If you ask any successful person if their career has gone exactly as they planned it and I doubt you would get one affirmative answer. Careers (and life in general) are really hard to plan out and structure to our liking. There are too many variables that are out of our control. My theory is that successful people succeed, in large part, because they are able to react and respond well when something unexpected happens. When something doesn't go according to plans, they don't give up. They evaluate their new options and then pick another road to take.
Oakland, CA-based jazz guitarist Jimmy Grant (who I happened to meet on a plane coming back from the NAMM Show) used quite a different process for his latest release, 5 in 5; write a song a day for five days. Record on the sixth day. Release it on the seventh.
Touring for me is a test of endurance. I keep myself fit, eat well, sleep, and rest my voice when possible. It's not very rock 'n roll, but touring when you're sick is pretty miserable, so I try to avoid that.
One simple technique that is often used to spice up many chords – and in the process make a lot of garden-variety chord progressions sound more interesting – is the manner-on. To play a hammer-on, pick a string and then, while the note is still ringing, sound a higher note on that same string by firmly tapping, or “hammering,” it onto the fretboard with one of your fretting fingers without picking it again.
There’s no doubt that we develop special relationships with our guitars. Now, these relationships are under threat, as the unique woods used to make guitars may be running out. The Musicwood documentary tells this story by following the Musicwood Coalition, a group of the world’s foremost guitar-makers — Chris Martin (Martin Guitars), Bob Taylor (Taylor Guitars), and Dave Berryman (Gibson) — as they drop their competitive differences and journey together to the Tongass, a remote forest in SE Alaska.
Love Mumford and Sons? Joni Mitchell? Led Zeppelin? Patti Griffin? Have you tried to play their songs but just couldn’t make them sound quite right? Welcome to the world of alternate tunings. Not all songs are written for, or played in, the standard E-A-D-G-B-E tuning. Alternate tunings open up a whole new world for guitarists willing to look beyond the standard tuning, offering the possibility of creating combinations of notes not previously available, or only available to those with enormous hands.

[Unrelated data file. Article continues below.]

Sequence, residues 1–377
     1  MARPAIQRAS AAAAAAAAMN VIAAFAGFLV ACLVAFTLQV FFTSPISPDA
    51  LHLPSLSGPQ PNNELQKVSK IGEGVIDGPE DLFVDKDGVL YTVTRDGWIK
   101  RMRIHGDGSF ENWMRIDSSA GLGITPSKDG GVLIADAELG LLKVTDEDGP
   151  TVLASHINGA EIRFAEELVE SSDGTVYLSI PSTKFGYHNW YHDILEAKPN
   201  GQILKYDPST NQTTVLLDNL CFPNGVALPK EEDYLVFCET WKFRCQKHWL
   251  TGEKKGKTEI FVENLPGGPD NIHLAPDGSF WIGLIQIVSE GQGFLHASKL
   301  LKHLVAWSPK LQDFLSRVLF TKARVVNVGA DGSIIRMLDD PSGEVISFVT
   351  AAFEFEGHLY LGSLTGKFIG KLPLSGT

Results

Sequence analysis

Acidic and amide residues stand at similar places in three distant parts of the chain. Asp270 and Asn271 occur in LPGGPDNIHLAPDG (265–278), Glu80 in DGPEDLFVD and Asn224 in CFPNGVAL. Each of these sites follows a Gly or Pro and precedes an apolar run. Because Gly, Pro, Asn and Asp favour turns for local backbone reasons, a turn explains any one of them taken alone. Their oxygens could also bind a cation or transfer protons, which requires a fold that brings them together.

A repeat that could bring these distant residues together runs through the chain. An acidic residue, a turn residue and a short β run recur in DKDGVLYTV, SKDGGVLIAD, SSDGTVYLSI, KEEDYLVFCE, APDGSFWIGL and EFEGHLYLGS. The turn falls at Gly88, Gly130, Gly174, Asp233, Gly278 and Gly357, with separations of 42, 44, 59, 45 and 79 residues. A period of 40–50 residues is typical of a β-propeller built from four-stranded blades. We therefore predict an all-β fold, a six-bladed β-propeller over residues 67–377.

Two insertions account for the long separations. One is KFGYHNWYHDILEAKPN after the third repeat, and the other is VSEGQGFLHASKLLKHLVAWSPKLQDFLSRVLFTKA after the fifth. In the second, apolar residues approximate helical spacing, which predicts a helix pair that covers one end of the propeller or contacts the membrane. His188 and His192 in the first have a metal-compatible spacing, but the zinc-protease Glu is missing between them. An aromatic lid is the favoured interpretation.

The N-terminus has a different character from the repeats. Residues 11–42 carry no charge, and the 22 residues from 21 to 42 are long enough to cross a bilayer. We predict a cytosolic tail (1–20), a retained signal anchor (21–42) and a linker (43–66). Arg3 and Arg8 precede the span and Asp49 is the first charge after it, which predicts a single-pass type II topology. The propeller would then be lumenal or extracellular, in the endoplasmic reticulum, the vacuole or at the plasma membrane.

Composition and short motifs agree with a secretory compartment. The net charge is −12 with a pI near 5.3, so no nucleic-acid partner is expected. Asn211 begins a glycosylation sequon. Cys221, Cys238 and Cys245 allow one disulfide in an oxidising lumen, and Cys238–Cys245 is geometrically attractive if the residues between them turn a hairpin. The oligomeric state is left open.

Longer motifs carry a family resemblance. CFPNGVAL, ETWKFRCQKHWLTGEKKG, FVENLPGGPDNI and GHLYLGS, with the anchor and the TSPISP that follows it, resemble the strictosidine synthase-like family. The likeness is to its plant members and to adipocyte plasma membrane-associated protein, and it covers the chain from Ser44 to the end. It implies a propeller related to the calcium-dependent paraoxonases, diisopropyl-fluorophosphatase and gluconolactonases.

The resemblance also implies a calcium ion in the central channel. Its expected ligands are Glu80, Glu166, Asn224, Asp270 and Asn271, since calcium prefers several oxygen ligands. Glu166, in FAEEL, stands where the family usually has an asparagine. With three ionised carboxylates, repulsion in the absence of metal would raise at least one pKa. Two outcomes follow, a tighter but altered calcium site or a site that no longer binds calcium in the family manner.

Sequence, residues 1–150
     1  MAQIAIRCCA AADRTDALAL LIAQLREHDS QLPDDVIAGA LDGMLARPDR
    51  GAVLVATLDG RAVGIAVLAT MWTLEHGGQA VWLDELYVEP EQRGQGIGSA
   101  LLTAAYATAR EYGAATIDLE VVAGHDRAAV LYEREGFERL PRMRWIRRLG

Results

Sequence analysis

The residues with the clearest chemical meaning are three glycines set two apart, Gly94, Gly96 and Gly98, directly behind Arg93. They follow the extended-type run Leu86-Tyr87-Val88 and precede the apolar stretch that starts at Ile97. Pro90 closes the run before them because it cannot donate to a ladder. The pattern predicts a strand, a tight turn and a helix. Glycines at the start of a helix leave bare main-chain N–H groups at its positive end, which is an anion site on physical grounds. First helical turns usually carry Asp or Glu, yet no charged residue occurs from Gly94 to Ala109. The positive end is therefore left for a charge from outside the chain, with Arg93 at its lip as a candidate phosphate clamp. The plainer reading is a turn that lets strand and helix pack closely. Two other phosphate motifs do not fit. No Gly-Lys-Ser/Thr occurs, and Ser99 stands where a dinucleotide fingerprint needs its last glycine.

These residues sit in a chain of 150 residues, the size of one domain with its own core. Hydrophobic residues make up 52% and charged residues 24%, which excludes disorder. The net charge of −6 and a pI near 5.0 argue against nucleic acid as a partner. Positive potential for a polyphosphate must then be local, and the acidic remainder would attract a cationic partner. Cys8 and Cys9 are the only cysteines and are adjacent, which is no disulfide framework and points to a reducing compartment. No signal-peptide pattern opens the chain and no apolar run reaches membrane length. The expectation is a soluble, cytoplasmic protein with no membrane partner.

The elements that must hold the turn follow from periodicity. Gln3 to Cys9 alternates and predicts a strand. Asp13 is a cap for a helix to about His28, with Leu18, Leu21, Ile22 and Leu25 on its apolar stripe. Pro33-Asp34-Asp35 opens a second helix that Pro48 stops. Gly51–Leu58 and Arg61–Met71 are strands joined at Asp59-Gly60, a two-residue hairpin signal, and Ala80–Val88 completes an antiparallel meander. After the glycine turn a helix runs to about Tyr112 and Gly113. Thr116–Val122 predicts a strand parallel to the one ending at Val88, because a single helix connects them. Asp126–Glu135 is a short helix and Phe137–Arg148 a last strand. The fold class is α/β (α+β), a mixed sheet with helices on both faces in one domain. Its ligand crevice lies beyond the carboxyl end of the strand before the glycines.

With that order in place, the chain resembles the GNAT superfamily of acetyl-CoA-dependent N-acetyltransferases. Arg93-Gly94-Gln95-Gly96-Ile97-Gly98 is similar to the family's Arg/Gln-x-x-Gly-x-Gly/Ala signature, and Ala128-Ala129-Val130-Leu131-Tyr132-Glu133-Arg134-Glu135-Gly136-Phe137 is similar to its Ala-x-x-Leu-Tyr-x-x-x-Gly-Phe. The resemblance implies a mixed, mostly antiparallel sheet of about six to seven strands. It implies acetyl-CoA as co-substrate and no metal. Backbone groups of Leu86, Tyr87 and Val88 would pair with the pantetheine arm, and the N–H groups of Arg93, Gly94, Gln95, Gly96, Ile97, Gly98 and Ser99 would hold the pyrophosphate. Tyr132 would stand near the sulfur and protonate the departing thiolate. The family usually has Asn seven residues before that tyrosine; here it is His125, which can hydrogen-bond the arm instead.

As a whole, writers are not the most secure people in the world. Many of us battle insecurity daily. Maybe it’s because we have to put ourselves out there in a vulnerable position any time we let someone hear our songs.
Now's your chance to not only attend the NAMM show, but to play there live on-stage! The John Lennon Songwriting Contest folks have opened up a slot in there yearly concert to two lucky winners! If you are chosen you get to go to the show, perform at their concert, and win some great prizes. Hurry! Entries close November 12.
Normally we don't get head over heels excited about the loads of news releases that hit our mailbox every day. But today is the exception! We had never heard of Lake Street Dive before, but WOWZA, we definitely are gonna keep tabs on what this band is up to.
On October 15th, Chris Cornell began his second North American “Songbook” acoustic tour in San Diego. The tour will continue throughout the month of November, and due to overwhelming demand, four additional December dates have been added to the run.
Our friends over at SongTownUSA have just announced a new songwriting contest with some pretty unique prizes. You can't just set foot in Nashville and write with a hit songwriter any day of the week, after all!
The Tapo by Editors Keys takes two common accessories — a capo and a clip-on tuner — and puts them together in one handy piece. The capo end of the Tapo is indeed a sturdy metal capo. It has appropriate rubber padding so it doesn't scratch your instrument. There's a visible spring that keeps tension in order.
Certain memorable themes, like those of Bill Wither’s “Lean on Me” and Gustavo Santaolalla’s "Brokeback Mountain," to name just two, artfully derive melodies and chordal accompaniment from an extraordinarily useful system called scale harmony.
In 2013, YouTube is one of the many platforms giving artists the audience and tools to catapult into stardom, and the brothers of Boyce Avenue–Alejandro, Daniel and Fabian Manzano–are one of the best examples of this trend. With tens-of-millions of plays on any given video, the band is nothing short of a phenomenon, and their hard work online has clearly paid off in the physical world, too